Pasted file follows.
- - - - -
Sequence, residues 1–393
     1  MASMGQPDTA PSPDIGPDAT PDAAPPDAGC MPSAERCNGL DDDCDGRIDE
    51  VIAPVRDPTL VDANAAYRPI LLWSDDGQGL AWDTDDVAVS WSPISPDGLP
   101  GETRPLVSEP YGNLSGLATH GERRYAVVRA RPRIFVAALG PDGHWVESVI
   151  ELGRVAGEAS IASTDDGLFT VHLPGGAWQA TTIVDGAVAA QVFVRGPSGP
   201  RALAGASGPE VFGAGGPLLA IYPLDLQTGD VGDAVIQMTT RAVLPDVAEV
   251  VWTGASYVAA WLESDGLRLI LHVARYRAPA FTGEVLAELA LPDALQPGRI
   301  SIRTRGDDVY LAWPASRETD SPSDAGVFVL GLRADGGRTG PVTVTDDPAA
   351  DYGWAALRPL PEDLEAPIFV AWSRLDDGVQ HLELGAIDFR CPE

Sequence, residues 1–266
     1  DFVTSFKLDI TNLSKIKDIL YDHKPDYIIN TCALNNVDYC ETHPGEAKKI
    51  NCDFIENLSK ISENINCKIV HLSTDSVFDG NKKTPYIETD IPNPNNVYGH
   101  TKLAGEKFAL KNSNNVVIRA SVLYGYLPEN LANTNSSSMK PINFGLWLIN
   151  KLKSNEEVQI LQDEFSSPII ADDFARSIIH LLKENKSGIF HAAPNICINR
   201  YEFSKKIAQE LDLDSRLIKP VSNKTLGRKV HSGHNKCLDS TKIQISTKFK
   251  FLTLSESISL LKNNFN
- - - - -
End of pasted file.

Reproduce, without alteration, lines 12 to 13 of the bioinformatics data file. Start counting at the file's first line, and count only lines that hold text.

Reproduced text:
    51  NCDFIENLSK ISENINCKIV HLSTDSVFDG NKKTPYIETD IPNPNNVYGH
   101  TKLAGEKFAL KNSNNVVIRA SVLYGYLPEN LANTNSSSMK PINFGLWLIN